To bridge the gap of finance and improve rural livelihoods, development financial institutions should ask themselves what role they can play in making this new form of finance accessible to the agricultural sector - promoting growth and mechanization for improved livelihoods through the fund. While leasing finance is just one piece of the puzzle, the country scoping sheds light on how to enter this space given the current state and where are the risks and opportunities.
About the Author
Ashley Olson Onyango is the Programme Manager, Agricultural Finance at FSD Africa. Ashley has been working in the agricultural finance development sector across sub-Saharan Africa. Ashley previously spearheaded the development of a new lending portfolio with Root Capital, focused on domestic value chains and food security crops. After the launch, she managed the start-up of the portfolio and integration of the new portfolio into Root Capital's lending operations. More recently, Ashley has been consulting in the agricultural finance development sector with a number of clients and has joined the FSDA as a long-term consultant to manage its Agricultural Finance Programme.
This post was originally posted on This Day Live.
The aim of any AML/CFT regime is to prevent, detect, interdict and control money laundering and the financing of terrorism. The global framework for this is adumbrated and elaborated in the Financial Action Task Force (FATF) 40 Recommendations on Money Laundering, and the Financing Terrorism and Proliferation (2012). In brief, the Recommendations set out measures, including AML/CFT policies and coordination; criminalization; prevention; transparency; as well as powers of competent authorities and international cooperation, for the prevention and control of these phenomena. The forty recommendations, the acceptable international standards against money laundering, terrorist and proliferation financing and are enforced globally. The enforcement of these measures is monitored through the FATF network process of peer review known as 'mutual evaluation'. Countries that are not members of the FATF or its Regional Style Body are targeted based on perceived deficiencies and risks from their jurisdictions and engaged by the FATF for the purpose of enforcing compliance with the standards.
The FATF Standards, even though referred to as recommendations have become powerful tools for combating transnational organized crime and their enforcement has become a major policy issue in all jurisdictions. Indeed, the spirit and letter of the standards have proven over the years to promote sanity and best practices and protect the international financial system. Thus, any country enforcing the standards does so in its own interests and not necessarily satisfying foreign obligations.
The Nigerian AML/CFT Regime
Although Nigeria is not a member of the FATF, it is a founding and active member of the ECOWAS Inter-Governmental Action Group against Money Laundering (GIABA), which is a FATF Style Regional Body responsible for the promotion and enforcement of the FATF standards in West Africa. Accordingly, Nigeria has committed to the full implementation of the international standards against money laundering, terrorist and proliferation financing. Nigeria's AML/CFT was the first to evolve in the west Africa, and indeed the whole Africa, because the Nigerian Money Laundering Decree No. 3 of 1995, even though it criminalized only drug money laundering, was the first piece of legislation against money laundering in Africa. Nigeria was the first country in West Africa to establish a specialized agency (the EFCC) for money laundering enforcement; the first to establish a Financial Intelligence Unit (FIU); and most importantly, it was Nigeria's leadership, in collaboration with the UNODC and the ECOWAS that led to the establishment of the regional body (GIABA). Unfortunately, however, and despite being the first to put in place the initial structures for AML, Nigeria missed the opportunity to become the first African country to attain a FATF membership, mainly because Nigeria's efforts were not properly coordinated and sustained.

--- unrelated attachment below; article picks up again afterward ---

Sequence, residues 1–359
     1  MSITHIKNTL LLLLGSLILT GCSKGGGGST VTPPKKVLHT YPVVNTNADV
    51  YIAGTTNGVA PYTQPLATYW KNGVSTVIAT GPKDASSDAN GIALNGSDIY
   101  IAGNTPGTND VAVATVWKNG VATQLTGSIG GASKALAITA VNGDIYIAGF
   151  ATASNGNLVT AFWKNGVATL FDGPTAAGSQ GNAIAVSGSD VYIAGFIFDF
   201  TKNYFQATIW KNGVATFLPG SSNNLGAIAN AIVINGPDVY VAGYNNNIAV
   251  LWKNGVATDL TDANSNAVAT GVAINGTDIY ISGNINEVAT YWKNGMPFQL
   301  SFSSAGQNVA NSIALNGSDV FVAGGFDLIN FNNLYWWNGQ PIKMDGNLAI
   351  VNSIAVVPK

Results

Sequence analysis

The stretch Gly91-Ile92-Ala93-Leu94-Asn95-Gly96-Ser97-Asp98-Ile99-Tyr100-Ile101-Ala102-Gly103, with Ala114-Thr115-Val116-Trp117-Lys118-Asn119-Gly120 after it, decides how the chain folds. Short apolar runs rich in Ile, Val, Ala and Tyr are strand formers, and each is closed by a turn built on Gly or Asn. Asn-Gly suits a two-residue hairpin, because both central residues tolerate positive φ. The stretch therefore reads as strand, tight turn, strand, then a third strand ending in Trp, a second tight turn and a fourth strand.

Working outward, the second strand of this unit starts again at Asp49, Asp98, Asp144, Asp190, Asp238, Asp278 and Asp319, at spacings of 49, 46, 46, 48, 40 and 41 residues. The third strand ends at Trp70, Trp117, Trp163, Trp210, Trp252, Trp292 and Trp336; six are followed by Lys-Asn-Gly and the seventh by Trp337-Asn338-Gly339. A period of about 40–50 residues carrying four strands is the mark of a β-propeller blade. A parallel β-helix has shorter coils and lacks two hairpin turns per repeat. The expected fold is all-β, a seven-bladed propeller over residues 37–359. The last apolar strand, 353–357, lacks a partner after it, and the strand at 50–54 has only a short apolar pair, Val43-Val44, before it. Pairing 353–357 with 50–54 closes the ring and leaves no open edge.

By the FATF fundamental and technical criteria, Nigeria is no doubt a strategic country obviously because of the prevalence of corruption and money laundering, but mainly because of its GDP, the size of its banking and financial system, its integration with the international financial system, as well as its geographical and political influence in Africa. As a result of none response (in fact nonchalant attitude) of Nigeria to engage, the FATF was left with no alternative than to blacklist Nigeria among countries considered to be non-cooperative countries and territories (NCCTs) in 2001. Subjecting Nigeria to this process meant that Nigeria was perceived as a risky jurisdiction for business and all financial transactions with Nigerian banks were subjected to extra ordinary scrutiny - and embarrassment. But this did not stop the laundering of proceeds of corrupt enrichment from Nigeria in other jurisdictions anyway. I am not going into the details of the responsibilities of other jurisdictions here as it is not the aim of this article.